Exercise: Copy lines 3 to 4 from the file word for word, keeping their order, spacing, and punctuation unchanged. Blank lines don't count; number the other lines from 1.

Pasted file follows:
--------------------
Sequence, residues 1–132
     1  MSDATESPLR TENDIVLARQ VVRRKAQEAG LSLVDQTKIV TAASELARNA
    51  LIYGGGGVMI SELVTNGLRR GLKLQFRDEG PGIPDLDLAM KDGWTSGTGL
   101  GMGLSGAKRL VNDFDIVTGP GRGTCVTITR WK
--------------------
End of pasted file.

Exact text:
    51  LIYGGGGVMI SELVTNGLRR GLKLQFRDEG PGIPDLDLAM KDGWTSGTGL
   101  GMGLSGAKRL VNDFDIVTGP GRGTCVTITR WK